What has coalesced as a powerful, unstoppable force on the streets of Egypt is resonance: the assertive collective empathy created by multitudes fighting for the control of space. Resonance is an intensely bodily, spatial, political affair, materialized in the masses of bodies coming together in the streets of Egyptian cities in the past thirteen days, clashing with the police, temporarily dispersed by teargas and bullets, and regrouping again like an relentless swarm to reclaim the streets, push the police back, and saturate space with a collective effervescence. Resonance is what gives life to this human rhizome and the source of its power.
As we are watching the fall of dictators and the wind of liberty sweeping in the Arab world, we may not have noticed another victim of this “springtime of Arab people”, namely the individualistic/collectivistic divide. In psychology, many scientists have adopted a kind of culturalism according to which the reason people behave differently across culture because of the “culture” in which they have grown up: People are raised in a particular culture and they come to adopt the particular attitudes and beliefs of their parents, teachers and elders. This explains why people behave differently in different places. For instance, psychologists have often emphasized that some cultures are more individualistic while others are more collectivist and other similar dichotomies have been put forward: sociocentric vs. egocentric, independent vs. interdependent, bounded vs. unbounded.
I’m pessimistic that social and political changes going on in some Arab Muslim countries will have much of an effect on global Salafist-jihadism. Understood in the West (if at all) as al-Qaeda and its affiliates, Salafist-jihadism is far more ideologically diverse than Bin Laden and Zawahiri, and far more theologically nuanced than most analysts and policy makers give it credit. Unfortunately, it will endure this glorious revolution, because it has always been outside the mainstream of Islamic religious practice, and there it will remain. I’m more pessimistic about the future of political Islam, Salafist-jihadism’s theological antagonist and ideological counterweight.
De revolutie in het Midden-Oosten is niet alleen ontstaan uit een roep om meer vrijheid. De stijgende voedselprijzen als gevolg van een groeiend tekort aan water spelen ook een belangrijke rol. Volgens een nieuw rapport “Blue Peace” kan het tekort aan water echter een belangrijke stimulans zijn voor meer vrede.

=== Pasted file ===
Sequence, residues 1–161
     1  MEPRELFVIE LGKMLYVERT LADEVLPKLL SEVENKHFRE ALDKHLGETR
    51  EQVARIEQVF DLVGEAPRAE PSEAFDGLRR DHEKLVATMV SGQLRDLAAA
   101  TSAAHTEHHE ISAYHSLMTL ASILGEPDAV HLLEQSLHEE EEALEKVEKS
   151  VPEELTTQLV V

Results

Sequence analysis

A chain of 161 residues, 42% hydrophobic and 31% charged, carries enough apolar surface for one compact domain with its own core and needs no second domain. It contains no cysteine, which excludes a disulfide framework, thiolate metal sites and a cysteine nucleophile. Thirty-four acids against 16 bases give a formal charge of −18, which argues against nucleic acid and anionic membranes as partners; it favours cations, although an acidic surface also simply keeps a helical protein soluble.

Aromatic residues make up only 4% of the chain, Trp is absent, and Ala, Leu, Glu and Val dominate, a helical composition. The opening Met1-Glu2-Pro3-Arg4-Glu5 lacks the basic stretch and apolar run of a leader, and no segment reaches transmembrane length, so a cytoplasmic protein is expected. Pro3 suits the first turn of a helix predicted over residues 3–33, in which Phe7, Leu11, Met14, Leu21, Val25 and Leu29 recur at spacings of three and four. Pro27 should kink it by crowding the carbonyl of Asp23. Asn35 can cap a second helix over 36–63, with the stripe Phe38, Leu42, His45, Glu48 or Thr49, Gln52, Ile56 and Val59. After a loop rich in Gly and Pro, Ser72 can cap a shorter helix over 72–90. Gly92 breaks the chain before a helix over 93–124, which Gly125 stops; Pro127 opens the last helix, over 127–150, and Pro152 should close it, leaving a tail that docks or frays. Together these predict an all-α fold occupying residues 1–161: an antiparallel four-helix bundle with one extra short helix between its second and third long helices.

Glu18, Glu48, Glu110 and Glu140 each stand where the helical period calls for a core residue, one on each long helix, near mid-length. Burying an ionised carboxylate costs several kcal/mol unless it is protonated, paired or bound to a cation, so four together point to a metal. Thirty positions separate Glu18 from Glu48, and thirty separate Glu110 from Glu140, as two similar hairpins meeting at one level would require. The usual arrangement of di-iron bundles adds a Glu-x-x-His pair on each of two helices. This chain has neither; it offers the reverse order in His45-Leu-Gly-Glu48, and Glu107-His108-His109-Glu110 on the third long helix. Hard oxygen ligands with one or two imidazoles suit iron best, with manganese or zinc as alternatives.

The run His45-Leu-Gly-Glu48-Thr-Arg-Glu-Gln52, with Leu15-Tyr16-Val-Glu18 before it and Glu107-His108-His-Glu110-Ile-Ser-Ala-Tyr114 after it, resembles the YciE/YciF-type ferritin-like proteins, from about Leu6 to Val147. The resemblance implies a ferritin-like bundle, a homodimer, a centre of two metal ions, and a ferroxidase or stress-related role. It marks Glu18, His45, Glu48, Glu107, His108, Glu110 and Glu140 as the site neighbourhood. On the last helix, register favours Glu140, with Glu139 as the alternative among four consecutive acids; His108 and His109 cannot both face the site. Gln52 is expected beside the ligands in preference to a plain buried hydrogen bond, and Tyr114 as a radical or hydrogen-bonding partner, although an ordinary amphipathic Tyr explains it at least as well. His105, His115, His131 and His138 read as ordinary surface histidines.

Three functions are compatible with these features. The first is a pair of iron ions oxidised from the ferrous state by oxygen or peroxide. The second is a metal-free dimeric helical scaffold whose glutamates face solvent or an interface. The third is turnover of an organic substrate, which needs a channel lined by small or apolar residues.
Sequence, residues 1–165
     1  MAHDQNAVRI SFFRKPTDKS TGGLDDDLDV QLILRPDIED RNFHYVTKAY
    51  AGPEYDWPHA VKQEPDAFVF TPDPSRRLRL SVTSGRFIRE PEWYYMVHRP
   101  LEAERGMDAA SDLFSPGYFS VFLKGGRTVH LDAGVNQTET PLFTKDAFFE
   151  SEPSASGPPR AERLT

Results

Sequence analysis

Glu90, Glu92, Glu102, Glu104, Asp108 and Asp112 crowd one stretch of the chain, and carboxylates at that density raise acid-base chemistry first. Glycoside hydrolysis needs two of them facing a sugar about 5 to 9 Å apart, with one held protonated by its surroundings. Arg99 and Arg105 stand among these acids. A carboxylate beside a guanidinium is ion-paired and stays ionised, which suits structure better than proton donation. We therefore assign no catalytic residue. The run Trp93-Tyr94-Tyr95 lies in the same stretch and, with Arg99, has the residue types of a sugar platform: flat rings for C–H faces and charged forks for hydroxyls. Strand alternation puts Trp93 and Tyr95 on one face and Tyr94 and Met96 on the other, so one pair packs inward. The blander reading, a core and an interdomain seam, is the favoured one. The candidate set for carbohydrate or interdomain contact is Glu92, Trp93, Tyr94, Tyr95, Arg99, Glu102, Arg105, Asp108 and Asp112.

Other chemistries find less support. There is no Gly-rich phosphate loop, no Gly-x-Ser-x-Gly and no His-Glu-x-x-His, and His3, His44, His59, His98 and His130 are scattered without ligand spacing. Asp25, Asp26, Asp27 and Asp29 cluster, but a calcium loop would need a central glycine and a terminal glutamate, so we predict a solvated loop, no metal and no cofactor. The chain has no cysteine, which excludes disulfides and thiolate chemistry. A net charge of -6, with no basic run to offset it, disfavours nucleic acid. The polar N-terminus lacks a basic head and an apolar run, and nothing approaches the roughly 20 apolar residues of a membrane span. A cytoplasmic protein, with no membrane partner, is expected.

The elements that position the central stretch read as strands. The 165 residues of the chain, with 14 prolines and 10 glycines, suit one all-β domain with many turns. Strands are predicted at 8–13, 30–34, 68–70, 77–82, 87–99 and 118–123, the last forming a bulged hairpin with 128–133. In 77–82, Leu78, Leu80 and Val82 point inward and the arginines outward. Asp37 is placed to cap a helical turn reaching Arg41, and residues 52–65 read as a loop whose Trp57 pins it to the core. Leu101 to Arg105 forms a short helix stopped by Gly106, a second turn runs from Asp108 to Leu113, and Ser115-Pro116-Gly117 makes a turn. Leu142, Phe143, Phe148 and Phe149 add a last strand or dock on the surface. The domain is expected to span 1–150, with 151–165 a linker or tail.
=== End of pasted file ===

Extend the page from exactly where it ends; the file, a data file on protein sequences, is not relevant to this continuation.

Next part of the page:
[Revolutie in het Midden-Oosten] Na de revoluties in Tunesie en Egypte is het nu ook in veel andere Arabische landen onrustig. Daarbij wordt geweld door de verschillende regeringen niet geschuwd. Hoe loopt dit af? Hoeveel doden zullen er nog vallen? Welke dictators worden nog meer verjaagd? Via deze live blog houdt FunX je met interessante video’s, audio’s, tweets, foto’s en links op de hoogte van de laatste ontwikkelingen in het Midden-Oosten.
De recente onlusten in Egypte en Tunesië hebben een (tijdelijk?) dramatische uitwerking op het toerisme. Na de aanscherping van het reisadvies van het Ministerie van Buitenlandse Zaken is de interesse in Egypte met 75% en in Tunesië met 85 tot 90% gezakt, zo laat Zoover weten. Het kan niet anders dan dat de revolutie in het Midden-Oosten meerdere partijen zwaar geld gaat kosten. Anderzijds bestaat er de mogelijkheid dat de revolutie een positieve keerzijde heeft. De branche reageert verdeelt, zo is te merken na de reacties die Reisburo Actueel binnen kreeg op de vraag wat de Midden-Oosten revolutie voor gevolgen heeft voor de reisbranche.
Alle aandacht is de laatste tijd opgeëist door de revoluties in Tunesië, Egypte en Libië en de onrust in andere landen in de regio. Vanuit een menselijk gezichtspunt is het verheugend dat corrupte, autocratische bewinden aan de kant worden geschoven. Hoe raakt het onze economie en onze financiële markten?
Dit komt helemaal overeen met de bevindingen in mijn eigen onderzoek naar vrouwen in de islamitische wereld. De ‘reëel bestaande islam’ moet, schrijf ik in mijn boek ‘Baas in eigen boerka‘, weinig hebben van ongehoorzame vrouwen. ‘Tegelijk vindt er een gestage, historische ontwikkeling in de onderbouw van de samenleving plaats die onherroepelijk leidt tot de sociaal- economische emancipatie van de seksuele onderklasse – de vrouw. Binnende islam, ondanks de islam. Overal laten vrouwen de mannen een beetje sidderen. Vrouwen gaan naar school,melden zich op de arbeidsmarkt, zitten op Facebook en vertikken het nog langer meer dan twee of drie kinderen te nemen. Veel beter dan hun moeders weten ze wat er te koop is in de wereld, en wat te winnen. Ze hebben niets te verliezen dan hun boerka.’
De Saoedische staat voert, gelegitimeerd door dat Wahabisme, een extreem rigide conservatisme door. De achterstelling van vrouwen is welhaast spreekwoordelijk verregaand. Vrouwen mogen in feite niet zonder mannelijke ‘voogd’ aan het openbare leven deelnemen. Vrouwen en mannen zijn zoveel mogelijk gescheiden. Vrouwen mogen niet auto rijden. Vrouwen mogen niet zonder s toestemming van een mannelijke ‘voogd’ naar het buitenland reizen. Vrouwen mogen niet naar binnen in een voetbalstadion. Dat zijn de officiële regels. Pas sinds vrij kort mogen ze wel zelf een hotelkamer boeken en gebruiken. Daar bovenop komt dan nog eens het conservatisme dat vaders ertoe brengt echtgenoten op te dringen aan hun dio ochters, uit te maken wat dochters wel en niet voor studie mogen volgen. Dit alles betreft de positie van vrouwen die economisch tot de ‘beter gesitueerden’ behoren. Het laat zich raden hoe de positie van vrouwen in armere bevolkingslagen is, vrouwen voor wie een auto sowieso buiten bereik is maar op nog veel grovere wijze seksisme te verduren hebben.